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Posted by on Apr 18, 2014| 0 Comments

From the Be Well Kitchen:
Bulletproof Coffee Recipe

Bulletproof Coffee
By Be Well Health Coach Kerry Bajaj

I bet you never thought you’d hear someone from Dr. Lipman’s office touting the benefits of coffee, but we are constantly learning and evolving here, and Bulletproof Coffee is our latest experiment!

While our cabinets are full of tea, we do have an espresso machine at the wellness center and it gathered dust for a long time. Until one day, when a patient who had reversed his rheumatoid arthritis by following a Paleo diet told us about his new morning beverage. He described a drink that sounded quite odd: coffee + MCT oil + grass-fed butter.

Be Well Bulletproof Coffee Recipe:

Makes 1 serving
- 1 shot of espresso (or one cup of organic coffee)
- 1 tbsp MCT oil
- 1 tbsp unsalted grass-fed butter (like KerryGold butter)

Combine all three ingredients in a high-speed blender for about 20 seconds, until the drink takes on a frothy consistency. Enjoy!

Who is Bulletproof Coffee good for?

This is a good option if you don’t normally have breakfast, or if you practice intermittent fasting. It’s a good option if you are hooked on coffee and want to upgrade the health benefits of your morning cup. It’s good if you have very low energy or brain fog in the morning. (Even though I’m quite sensitive to caffeine, I don’t get jittery from Bulletproof Coffee. But if you’re not a fan of coffee, no pressure to try this!)

When is the best time of day for Bulletproof Coffee?

We recommend having this drink first thing in the morning. You may find that it gives you a boost of energy that will last for hours. By having this drink in the morning, it will signal to your body to burn fats for energy and will boost your cognitive function.

Why do we like MCT Oil?

MCT’s (Medium-chain triglycerides) are a unique form of fat that require less energy and enzymes to be digested. As a result, they are a readily available source of energy, leading to an increase in metabolism and providing quick energy replenishment. Unlike other dietary fats, MCTs don’t get stored as fat in the body, they get burned for energy. MCT’s improve satiety, which means less hunger and less cravings, two important components in healthy weight management.

Why do we like grass-fed butter?

Butter from grass-fed cows supplies a ratio of omega-3 to omega-6 fatty acids that’s much healthier than what comes from cows that are fed corn or soy. Grass-fed butter is a good source of carotene, vitamin A and vitamin K2. While we often encourage people to avoid most dairy, grass-fed butter is generally not a problem because it contains fats, with only minor traces of dairy proteins. You’ll also find the color is a more vibrant yellow and the flavor is much better than butter from grain-fed cows.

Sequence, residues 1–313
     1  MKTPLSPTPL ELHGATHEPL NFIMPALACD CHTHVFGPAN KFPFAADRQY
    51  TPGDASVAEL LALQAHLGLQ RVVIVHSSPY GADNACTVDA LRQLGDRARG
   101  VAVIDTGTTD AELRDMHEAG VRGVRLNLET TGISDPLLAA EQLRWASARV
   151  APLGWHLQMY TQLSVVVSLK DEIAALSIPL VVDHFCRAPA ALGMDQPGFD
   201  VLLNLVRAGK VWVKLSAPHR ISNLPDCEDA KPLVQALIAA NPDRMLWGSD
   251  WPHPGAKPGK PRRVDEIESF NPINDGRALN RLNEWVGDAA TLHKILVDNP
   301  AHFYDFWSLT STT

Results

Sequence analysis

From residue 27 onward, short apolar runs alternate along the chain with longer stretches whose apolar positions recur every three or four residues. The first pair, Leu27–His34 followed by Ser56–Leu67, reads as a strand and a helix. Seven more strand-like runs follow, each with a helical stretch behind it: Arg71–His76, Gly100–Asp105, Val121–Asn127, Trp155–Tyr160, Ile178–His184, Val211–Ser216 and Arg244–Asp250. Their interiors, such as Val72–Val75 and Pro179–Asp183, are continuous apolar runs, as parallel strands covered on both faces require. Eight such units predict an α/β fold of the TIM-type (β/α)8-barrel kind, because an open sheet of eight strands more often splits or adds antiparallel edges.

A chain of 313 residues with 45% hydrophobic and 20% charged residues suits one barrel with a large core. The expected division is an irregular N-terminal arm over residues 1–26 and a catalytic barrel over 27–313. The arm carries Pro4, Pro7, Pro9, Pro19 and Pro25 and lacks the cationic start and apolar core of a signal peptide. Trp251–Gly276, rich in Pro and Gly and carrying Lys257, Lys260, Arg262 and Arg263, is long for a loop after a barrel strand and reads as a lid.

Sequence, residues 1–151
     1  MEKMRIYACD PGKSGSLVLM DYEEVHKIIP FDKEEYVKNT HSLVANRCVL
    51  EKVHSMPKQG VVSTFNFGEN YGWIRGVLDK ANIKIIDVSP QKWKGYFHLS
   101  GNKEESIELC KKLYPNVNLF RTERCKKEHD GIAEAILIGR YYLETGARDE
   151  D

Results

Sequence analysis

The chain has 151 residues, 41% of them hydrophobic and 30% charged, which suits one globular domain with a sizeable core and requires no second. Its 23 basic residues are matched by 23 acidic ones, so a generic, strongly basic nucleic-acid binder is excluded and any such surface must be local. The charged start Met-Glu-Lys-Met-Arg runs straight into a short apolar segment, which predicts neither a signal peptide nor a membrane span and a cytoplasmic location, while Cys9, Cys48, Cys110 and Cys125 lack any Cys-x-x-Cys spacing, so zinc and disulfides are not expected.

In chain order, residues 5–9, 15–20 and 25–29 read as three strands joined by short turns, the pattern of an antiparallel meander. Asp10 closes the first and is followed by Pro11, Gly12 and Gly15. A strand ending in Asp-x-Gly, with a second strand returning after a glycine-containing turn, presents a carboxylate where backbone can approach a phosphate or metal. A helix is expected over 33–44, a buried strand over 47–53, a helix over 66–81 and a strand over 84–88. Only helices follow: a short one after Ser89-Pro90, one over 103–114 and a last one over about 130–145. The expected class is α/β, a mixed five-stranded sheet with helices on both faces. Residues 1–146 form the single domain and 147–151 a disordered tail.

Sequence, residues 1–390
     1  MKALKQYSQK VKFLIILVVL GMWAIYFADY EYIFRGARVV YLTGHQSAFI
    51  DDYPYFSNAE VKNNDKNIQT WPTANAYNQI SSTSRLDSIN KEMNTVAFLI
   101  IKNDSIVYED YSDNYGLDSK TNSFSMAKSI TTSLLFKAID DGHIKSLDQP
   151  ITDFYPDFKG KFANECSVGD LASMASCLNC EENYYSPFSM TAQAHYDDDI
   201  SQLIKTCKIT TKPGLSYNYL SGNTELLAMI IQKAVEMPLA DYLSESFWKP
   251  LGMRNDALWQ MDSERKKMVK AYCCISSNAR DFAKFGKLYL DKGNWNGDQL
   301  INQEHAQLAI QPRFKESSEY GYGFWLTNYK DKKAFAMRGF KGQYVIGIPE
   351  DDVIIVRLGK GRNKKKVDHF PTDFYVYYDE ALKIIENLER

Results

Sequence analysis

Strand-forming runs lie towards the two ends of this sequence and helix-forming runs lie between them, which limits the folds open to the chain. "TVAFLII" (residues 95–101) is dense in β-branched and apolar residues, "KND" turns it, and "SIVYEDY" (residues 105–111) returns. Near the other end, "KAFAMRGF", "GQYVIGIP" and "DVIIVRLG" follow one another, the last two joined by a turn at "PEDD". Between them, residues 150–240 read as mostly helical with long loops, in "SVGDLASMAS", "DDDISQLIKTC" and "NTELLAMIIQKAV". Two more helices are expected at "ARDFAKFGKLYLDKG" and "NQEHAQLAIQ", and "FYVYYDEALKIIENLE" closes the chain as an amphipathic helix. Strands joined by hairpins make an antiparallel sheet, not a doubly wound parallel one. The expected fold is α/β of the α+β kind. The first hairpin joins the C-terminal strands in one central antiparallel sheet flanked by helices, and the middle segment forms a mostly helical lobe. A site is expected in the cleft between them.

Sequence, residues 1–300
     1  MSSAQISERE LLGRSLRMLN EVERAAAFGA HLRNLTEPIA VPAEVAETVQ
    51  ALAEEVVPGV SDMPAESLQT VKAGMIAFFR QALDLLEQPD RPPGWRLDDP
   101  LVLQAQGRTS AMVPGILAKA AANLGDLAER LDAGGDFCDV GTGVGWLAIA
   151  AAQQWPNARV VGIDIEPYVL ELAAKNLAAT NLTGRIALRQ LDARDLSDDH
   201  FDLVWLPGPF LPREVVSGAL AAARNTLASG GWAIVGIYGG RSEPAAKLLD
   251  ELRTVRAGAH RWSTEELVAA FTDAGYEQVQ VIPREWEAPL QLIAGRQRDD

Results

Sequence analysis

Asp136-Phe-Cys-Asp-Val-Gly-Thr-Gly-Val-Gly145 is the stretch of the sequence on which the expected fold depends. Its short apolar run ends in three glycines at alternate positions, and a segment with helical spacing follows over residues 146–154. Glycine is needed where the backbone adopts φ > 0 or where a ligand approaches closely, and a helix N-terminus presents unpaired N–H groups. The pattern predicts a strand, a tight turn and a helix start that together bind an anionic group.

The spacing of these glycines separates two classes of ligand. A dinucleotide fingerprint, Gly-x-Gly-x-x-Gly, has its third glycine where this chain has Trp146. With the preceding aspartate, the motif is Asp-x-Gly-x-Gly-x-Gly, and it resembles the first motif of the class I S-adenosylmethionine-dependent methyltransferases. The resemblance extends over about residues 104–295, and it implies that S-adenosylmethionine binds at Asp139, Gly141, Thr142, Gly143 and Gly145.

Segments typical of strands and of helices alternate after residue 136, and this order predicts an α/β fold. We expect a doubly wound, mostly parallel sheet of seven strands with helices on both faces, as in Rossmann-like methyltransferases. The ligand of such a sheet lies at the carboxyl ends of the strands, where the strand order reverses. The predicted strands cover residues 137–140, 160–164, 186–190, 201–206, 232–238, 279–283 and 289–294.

Isn’t it too much fat?

It’s a lot of fat! The caveat I would make is that you should not be having butter-coffee along with a big heavy meal — I think of this as a “mini meal” or meal replacement. More and more research is showing that refined carbs and sugar are making us fat and leading to heart disease — not fats. Dr. Lipman has been working to set the record straight on fats:

4 Reasons to Put Grass-Fed Butter Back on Your Plate
A Big Fat Mistake
A Chef and Doctor Talk about Butter

Please let us know if you try out this recipe! And a special thanks to Dave Asprey, the Bulletproof Executive for teaching us about Bulletproof Coffee.

Posted by on Apr 17, 2014| 11 Comments

Gluten-Free Living 101

Gluten Free Foods
By Be Well Health Coach Katrine van Wyk

Are you ready to cut out gluten once and for all?  Although the task can seem daunting at first, it’s really quite manageable by making a few small changes to your habits, and remembering to relish all of the delicious foods that are naturally gluten free!

Here are 5 easy tools to get you started.

1. Breakfast Plan

Make a plan for breakfast and avoid getting stuck picking up a bagel or sugary pastry on the go! A quick smoothie with Sustain or Recharge powder in the morning is easy, nourishing and delicious for people short on time.  Eggs are another great breakfast option – soft boiled only takes a few minutes to prepare, or whip up an omelet or frittata full of vegetables chopped the night before.  Have you considered leftover grains for breakfast?  Warm up your quinoa, buckwheat or brown rice with coconut milk, cinnamon, cardamom and vanilla. Delicious with a touch of maple syrup and coconut oil!

2. Get Familiar with the Alternatives

Instead of reaching for the gluten-free processed foods (a cookie is still a cookie) familiarize yourself with naturally gluten-free whole foods.  Quinoa, buckwheat, millet, wild rice and amaranth are delicious grains that are also good for you. If you like baking, you’re in luck!  There are thousands of delicious gluten-free recipes online.  Try one out that uses coconut or almond flour instead like these carrot banana muffins. Don’t forget your fruits and veggies! Baked sweet potatoes are a healthy and satisfying alternative when you crave something sweet and soft.  It’s hard not to see this sweet potato and spinach salad as a treat!

3. Wrap It Up

There is something so convenient about a sandwich or a wrap. Luckily, going gluten-free doesn’t mean you have to give that up. Try using collard leaves, romaine lettuce or nori (the seaweed used for sushi) instead.  Some brown rice, cucumber and avocado make a great sushi style roll. Grated carrots, sunflower seeds, sprouts and lettuce work great in a collard wrap, or try some leftover chicken, mustard and tomato in a romaine lettuce cup.  Fresh, healthy, and convenient too.